Screenwriters Todd Baird and Brad Riddell bank that familiarity will breed affection rather than contempt. They adhere so strictly to the teen-sports genre that audiences can predict every turn as the struggling team from the Sunaquot reservation in upstate New York (a fictional seventh part of the Haudenosaunee, or Iroquois, Nations) competes against ace squads from cushy prep schools.
The filmmakers check off every box on the underdog-film list of requirements. A conflicted, semicomical coach? That's affable Brandon Routh as Joe Logan, a Sunaquot of mixed parentage and a former star attackman who lost his fighting spirit. He's been managing the tribe's casino and pushing for its expansion. The tribal council will approve new construction only if Logan reconnects to his Sunaquot soul in a manner of his father's choosing — which turns out to be coaching the reservation's team.
Misfit players who discover hidden talents? Check off that box, too. When Logan gets into gear and shows he cares, and runs his team up Defiance Rock to meet lacrosse guru Crooked Arrow (Dennis Ambritz), the Sunaquot squad acquires gumption and discipline. They go on a group vision quest and connect to their spirit animals. Unlikely competitors become potential game-changers — even the sole Caucasian kid, a scrawny fellow whose spirit animal is a squirrel. He's the son of the inspirational love interest (put a check in that box, too): the pretty high-school teacher (Crystal Allen) who loved Joe when he was pure of heart.
Director Steve Rash shines up the action scenes. But he should have given the formula's new ingredients more time and space to grow. "Crooked Arrows" provides tantalizing glimpses of contemporary Native American life. These kids wear long braids and assemble for tribal dances, yet they don't know the language, customs or beliefs of their ancestors. The idealistic teacher, like Logan, has to instill her students with pride; she instructs them on topics such as the influence of the Iroquois Confederacy on the U.S. founding fathers.
Joe's spunky kid sister, Nadie (Chelsea Ricketts), frequently saves the day for the Crooked Arrows, but there's no girls' team; we'd like to know what Nadie thinks about that. As he mends bonds with his traditionalist dad (Gil Burmingham), Logan moves from exploiting his Indian heritage to renewing his racial identity. He even changes the name on his vanity plates from "WAMPUM" to "CRKD ARWS." Yet the movie has a welcome touch of ambivalence about gambling. A bigger casino would end up funding a reservation hospital.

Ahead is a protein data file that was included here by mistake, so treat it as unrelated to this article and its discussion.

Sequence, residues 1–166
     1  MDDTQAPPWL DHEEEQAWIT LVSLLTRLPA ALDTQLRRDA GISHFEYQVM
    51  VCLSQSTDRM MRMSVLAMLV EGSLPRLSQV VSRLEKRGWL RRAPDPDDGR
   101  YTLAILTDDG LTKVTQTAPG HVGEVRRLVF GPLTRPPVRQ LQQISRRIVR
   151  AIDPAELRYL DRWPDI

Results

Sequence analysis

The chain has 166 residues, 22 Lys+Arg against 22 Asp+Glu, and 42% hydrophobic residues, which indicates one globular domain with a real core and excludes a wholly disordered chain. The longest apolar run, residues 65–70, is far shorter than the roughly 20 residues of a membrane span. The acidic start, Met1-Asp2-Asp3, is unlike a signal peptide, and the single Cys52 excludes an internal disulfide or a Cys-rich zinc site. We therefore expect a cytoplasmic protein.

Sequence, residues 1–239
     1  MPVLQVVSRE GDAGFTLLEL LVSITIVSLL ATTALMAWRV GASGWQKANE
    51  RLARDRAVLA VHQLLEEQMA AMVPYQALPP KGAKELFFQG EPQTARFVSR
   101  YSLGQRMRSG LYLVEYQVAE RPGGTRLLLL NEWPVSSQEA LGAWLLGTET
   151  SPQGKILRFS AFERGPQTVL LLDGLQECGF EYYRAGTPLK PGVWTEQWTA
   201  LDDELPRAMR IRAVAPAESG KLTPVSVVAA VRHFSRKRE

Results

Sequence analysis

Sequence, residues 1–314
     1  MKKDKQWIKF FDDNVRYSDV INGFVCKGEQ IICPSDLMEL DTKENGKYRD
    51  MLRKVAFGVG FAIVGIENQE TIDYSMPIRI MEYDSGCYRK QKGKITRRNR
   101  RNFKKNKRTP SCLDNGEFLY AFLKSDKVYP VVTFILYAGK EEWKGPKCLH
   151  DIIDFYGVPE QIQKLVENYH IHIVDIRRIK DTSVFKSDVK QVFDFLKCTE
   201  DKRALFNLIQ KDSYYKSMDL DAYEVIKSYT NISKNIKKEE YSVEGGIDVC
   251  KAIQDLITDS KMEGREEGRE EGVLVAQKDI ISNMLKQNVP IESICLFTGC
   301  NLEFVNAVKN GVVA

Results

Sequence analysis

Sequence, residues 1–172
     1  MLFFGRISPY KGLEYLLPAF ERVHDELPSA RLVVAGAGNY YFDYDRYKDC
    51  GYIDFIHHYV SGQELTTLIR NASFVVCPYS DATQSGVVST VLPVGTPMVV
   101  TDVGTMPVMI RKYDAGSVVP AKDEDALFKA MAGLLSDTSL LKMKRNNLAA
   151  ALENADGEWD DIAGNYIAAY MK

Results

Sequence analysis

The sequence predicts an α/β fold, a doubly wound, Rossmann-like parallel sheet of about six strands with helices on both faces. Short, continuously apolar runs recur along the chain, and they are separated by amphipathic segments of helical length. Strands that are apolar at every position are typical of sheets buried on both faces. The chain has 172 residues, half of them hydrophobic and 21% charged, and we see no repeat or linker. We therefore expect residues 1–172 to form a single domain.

The speed and thump of the games should please lacrosse aficionados and stun those unfamiliar with the sport. But the game sequences are edited too much like highlights reels. You're left with the most glancing impression of the intricacy and headlong rhythms of the sport.
Still, "Crooked Arrows" has a touch of magic: a recurring sequence of Iroquois men in A.D. 1200 playing no-holds-barred lacrosse in an untrammeled forest. You see the roots of contemporary parries and feints as they slash their way through the woods. The images set off reverberations that come together like a thunderclap when the contemporary players retrace their ancestors' steps.
"Chariots of Fire" ran to box-office glory on the pastoral glamour of runners rhythmically pounding green fields or grey beaches. "Crooked Arrows" gives us mystical shots of Native Americans galloping in verdant forests like willful demigods. Whatever you think of this film, it'll make you wish for a prequel. You want to see more of lacrosse's origins.
MPAA rating PG-13 (for some suggestive references) Running time: 100 minutes